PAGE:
Apple Delays HomeKit Launch
Apple fans hoping for an imminent release of the company's home automation platform, HomeKit, will have to wait. Sources participating in the program tell Fortune that the launch date has moved back from an anticipated May or June time-frame to something closer to late August or September.
To be clear, Apple has never announced a launch date for HomeKit, but partners had said during this year's CES, the annual consumer electronics trade show, to expect something in spring. One partner had told Re/code to expect products in time for Mother's Day or Father's Day.
That has changed. Sources close to the situation say is planning a smaller announcement around HomeKit in the near term, but not the official launch. Apparently, making it easy to sign in and get your devices (door locks, light blubs, et cetera) online is much harder to do than Apple anticipated. One source says the code base associated with that part of the process "blew up" and required way too much memory for smaller, battery-powered devices, so Apple is trying to shrink the code back down to size.
Apple announced the HomeKit platform almost a year ago at its Worldwide Developer Conference to much fanfare but with relatively little information. In fact, most of what we know comes from from leaks. For now, the basic information is that Apple is building out a platform that will let consumers control HomeKit-compliant products using Siri, its speech-recognizing assistant, or the notification screens of their phones, tablets, and watches.
At CES in January, electronics companies showed off plugs, light bulbs, and other gadgets that turned on with a quick tap on the iPhone notification screen. A consumer can also create "scenes" that combined several products together and let an individual control a group of lights or a group of products with a single tap. A good example of this might be an "away scene" that could lock your door and turn off your lights as you leave the house. Other products on the market offer similar functionality, but setting them up can require a more time-intensive process of buying different devices, making sure they work together with the hub you've chosen, and then programming it all.
Apple's HomeKit promised to make the set-up process as easy as plugging in the device and putting it on the same Wi-Fi network as your phone. The user would still have to set up scenes but, again, the Apple UI expertise would presumably make that experience a joy as opposed to a test of human patience. (As someone who has installed more than half a dozen home hubs and owns an Android phone, even I was looking forward to what Apple would do.)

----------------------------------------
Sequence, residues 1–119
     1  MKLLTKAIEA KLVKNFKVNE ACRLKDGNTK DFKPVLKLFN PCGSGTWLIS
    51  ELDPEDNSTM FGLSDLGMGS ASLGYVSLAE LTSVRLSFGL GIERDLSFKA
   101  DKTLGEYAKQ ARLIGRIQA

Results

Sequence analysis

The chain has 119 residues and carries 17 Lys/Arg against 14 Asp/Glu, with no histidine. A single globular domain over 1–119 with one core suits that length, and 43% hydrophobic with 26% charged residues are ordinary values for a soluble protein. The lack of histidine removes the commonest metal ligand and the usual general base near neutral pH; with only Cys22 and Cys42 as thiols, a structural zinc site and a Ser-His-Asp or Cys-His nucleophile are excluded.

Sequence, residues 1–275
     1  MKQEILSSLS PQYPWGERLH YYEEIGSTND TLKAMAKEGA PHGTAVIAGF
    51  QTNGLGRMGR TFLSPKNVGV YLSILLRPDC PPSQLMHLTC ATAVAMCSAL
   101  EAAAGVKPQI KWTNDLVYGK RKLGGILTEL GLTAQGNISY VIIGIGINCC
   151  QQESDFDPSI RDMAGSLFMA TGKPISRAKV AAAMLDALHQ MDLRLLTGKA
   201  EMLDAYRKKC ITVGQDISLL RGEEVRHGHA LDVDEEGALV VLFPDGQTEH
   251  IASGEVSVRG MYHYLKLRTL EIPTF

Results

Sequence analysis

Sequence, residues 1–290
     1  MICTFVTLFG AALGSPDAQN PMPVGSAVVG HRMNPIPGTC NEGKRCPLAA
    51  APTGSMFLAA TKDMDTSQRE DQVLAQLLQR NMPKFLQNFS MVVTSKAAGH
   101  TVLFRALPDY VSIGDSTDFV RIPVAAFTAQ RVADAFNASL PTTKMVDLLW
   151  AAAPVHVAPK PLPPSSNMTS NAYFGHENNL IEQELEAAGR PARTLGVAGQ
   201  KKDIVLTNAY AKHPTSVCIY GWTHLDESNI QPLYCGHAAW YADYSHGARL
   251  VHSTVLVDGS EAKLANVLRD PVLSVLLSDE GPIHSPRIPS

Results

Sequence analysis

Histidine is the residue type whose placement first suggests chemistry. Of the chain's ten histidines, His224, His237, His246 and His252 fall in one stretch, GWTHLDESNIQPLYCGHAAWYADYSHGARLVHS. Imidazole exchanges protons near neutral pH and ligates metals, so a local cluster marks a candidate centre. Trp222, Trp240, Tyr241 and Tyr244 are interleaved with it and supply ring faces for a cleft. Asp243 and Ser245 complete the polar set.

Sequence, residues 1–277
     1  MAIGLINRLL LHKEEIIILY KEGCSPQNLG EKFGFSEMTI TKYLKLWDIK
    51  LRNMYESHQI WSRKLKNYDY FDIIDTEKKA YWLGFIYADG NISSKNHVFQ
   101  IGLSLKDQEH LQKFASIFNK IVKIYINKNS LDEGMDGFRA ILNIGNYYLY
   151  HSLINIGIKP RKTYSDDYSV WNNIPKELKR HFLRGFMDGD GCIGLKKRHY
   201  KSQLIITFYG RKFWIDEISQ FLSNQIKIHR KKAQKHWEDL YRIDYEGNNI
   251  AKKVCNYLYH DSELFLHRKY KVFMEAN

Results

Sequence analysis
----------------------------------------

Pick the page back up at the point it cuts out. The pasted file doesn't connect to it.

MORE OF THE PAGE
But it looks like consumers will have to keep waiting.
HomeKit-certified products will rely on the Made for iPhone/iPad program to meet the security and standards associated with getting on the network. Vendors hoping to sell HomeKit products must apply for the program and use certified hardware in their products.
Recently, a bit of information trickled out as to how HomeKit plans to handle Bluetooth, the wireless protocol, which is important for the makers of light bulbs and smart locks (such as Apple HomeKit partner August). When Broadcom recently launched new software for its silicon, it said: "HomeKit devices will be able to bridge from a non-WiFi device such as a Bluetooth Smart light bulb to connect to a smart plug containing Broadcom's software module, creating a bridge from the light bulb to the user's HomeKit-supported app on their iPhone, iPad or iPod touch."
Another question Apple has yet to publicly address: What role Apple TV will play in the HomeKit ecosystem. If the phone or tablet is the brains of the "smart" home, your home will become "dumb" once the owner leaves—bad news for any scheduled events or security monitoring.
At its developers conference next month, Apple is expected to address this with what observers believe will be an Apple TV refresh. But as for a proper launch of the HomeKit system and related devices? Instead of planning for a summer project, consumers should hope for a back-to-school launch instead.
Apple did not immediately respond to a Fortune request for comment.
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